WASHINGTON — A year ago Friday, Representative Claudia Tenney of New York stood among dozens of enthusiastic colleagues in the Rose Garden to celebrate passage of a bill to repeal and replace the Affordable Care Act. When President Trump made his way onstage, Ms. Tenney clapped and smiled.
On this not-so-happy anniversary, a Democratic “super PAC” is on the air with a television commercial reminding her constituents of a repeal vote that Republicans were once convinced would be a political winner. Ms. Tenney’s Democratic challenger, Anthony Brindisi, a state assemblyman, said health care is consistently one of the top issues in a vast district that runs from Lake Ontario through Utica and Rome to the Pennsylvania border.
“I think her vote is wildly unpopular among constituents in the district,” Mr. Brindisi said. “And what adds insult to injury is that she celebrated her vote by snapping selfies of herself at the White House, gleefully cheering a vote that would take health insurance away from thousands of her constituents.”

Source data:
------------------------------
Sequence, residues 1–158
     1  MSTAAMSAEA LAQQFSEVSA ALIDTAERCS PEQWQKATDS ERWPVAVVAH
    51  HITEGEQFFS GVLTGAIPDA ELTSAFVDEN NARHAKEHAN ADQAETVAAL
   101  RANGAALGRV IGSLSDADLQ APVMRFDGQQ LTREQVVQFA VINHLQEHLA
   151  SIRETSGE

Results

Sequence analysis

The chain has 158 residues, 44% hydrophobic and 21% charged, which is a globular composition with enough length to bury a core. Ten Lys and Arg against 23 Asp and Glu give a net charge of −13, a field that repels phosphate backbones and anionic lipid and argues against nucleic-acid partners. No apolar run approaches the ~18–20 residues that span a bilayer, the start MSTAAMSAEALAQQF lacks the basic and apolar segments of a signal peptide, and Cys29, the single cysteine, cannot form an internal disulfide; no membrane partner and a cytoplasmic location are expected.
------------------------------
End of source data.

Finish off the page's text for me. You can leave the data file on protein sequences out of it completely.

House passage of the Obamacare repeal bill left that chamber’s Republicans in a no-win situation. They took the hard vote, but because the Senate failed to follow suit, no one can claim a victory. Now Democrats hope to extract a price. Far from the liability that the Affordable Care Act has been in past elections, Democrats believe health care will be a key advantage heading into this fall’s midterm elections.
Though President Barack Obama’s signature domestic achievement has endured, Democrats accuse the Trump administration and congressional Republicans of sabotaging the health law’s insurance marketplaces through actions such as ending the requirement that most people have coverage or pay a penalty. And in the weeks before this fall’s elections, consumers are expected to learn of another wave of premium increases.
Mr. Brindisi said the repeal bill, the American Health Care Act, would have had devastating effects on the district that Ms. Tenney represents in upstate New York, harming hospitals that are important to the local economy and diminishing access to opioid treatment.
But in an interview last week, Ms. Tenney, a former state assemblywoman who is in her first term, showed no sign of regret.
“The real issue is, how are we going to make health care affordable again?” she said. “We polled ‘repeal and replace’ twice,” she added. “People want Obamacare repealed in the majority in my district.”